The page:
Decades later, iconic lion fountain is still intact at the Valley Stream pool


While some might gasp at the mention of an unsupervised, 50-year-old lion let loose in a park, for Valley Streamers it’s no big deal.

The Arthur J. Hendrickson Park pool has undergone several renovations since it was built in 1961, but one feature has endured for 5½ decades: the 4-foot-tall children’s water fountain shaped like a lion.

“If we got rid of that,” Mayor Ed Fare said, “everyone would go nuts.”

To ensure that the fountain is prepared for each summer season, Robert Abrams, the senior maintenance specialist for the pool, makes sure it is repainted and refurbished. It doesn’t take a lot of work to keep it running, however. “It’s basically just re-plugging it in,” Abrams said.

That minimal maintenance is clearly worth the effort, because the fountain continues to get compliments. “It’s cute for the kids,” said Dana Harden-Butts, who was dipping her feet in the interactive pool with her son on June 30. “It reminds you of an amusement park or a water park kind of thing.”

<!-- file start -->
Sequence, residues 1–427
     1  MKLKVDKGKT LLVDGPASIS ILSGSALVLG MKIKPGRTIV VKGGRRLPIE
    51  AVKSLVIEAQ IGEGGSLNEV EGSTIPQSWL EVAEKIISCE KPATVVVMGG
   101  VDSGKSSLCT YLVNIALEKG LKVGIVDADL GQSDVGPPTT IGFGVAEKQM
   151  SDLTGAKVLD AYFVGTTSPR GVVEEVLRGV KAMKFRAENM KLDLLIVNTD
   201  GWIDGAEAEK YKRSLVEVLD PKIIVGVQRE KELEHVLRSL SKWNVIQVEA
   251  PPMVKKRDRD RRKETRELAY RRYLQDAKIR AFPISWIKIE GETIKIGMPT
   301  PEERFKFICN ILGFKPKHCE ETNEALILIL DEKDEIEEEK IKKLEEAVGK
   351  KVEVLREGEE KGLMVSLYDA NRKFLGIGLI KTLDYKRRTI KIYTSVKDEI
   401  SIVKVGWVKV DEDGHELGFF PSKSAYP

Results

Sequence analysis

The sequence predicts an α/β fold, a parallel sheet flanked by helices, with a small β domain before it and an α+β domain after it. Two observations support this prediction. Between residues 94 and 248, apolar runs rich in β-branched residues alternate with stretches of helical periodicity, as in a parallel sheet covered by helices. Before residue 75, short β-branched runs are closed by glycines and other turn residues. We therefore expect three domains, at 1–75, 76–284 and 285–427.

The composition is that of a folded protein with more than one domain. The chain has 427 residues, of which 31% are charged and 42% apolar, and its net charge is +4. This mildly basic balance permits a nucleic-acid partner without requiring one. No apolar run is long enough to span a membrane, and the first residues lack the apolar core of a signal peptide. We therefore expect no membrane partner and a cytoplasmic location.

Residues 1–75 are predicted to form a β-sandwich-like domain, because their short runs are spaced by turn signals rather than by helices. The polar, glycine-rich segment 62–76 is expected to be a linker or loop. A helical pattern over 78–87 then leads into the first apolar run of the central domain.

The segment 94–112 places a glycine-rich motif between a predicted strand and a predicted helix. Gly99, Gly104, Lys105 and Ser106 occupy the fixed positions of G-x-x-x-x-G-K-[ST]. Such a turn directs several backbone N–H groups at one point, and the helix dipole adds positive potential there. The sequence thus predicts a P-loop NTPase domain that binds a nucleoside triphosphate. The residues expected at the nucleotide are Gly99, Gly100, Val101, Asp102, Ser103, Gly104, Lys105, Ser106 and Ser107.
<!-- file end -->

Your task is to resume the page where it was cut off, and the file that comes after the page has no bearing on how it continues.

The pool complex features an interactive pool with water dripping from overhead poles, an Olympic-size pool and a pool for young children. There is also a tiki lounge with concessions, and a gift shop that sells Valley Stream pool T-shirts and sweaters.

Members can trade breaststrokes for golf strokes on the mini-golf course behind the pool, and there’s also bocce and chess as well as bike paths. “You always feel like you’re on vacation, ’cause there’s so much to do,” said Fran Casey.

According to Village Treasurer Michael Fox, the interactive pool was added in 1998, the main pool was upgraded in 2005, and the interactive and wading pools were resurfaced a week before the complex opened for the season.

For Joe Casey, a regular at the pool, the lion water fountain, in particular, is a reminder of his childhood.

For a woman who identified herself only as Christa, the fountain is a reminder of when she used to come to the pool in the 1960s with her young children. “I tell my kids all the time that that lion is still there,” she said.

Village residents pay $265 for a family membership for the summer. Residents who have a family member in the Fire Department, the Auxiliary Police, the Civilian Patrol or the U.S. Army pay $135. Those who live in the Central High School District pay $420, or a service-discounted $215. Children who do not have a membership but are accompanied by a pool member can go for a swim for $10, and non-member adults can do so for $13.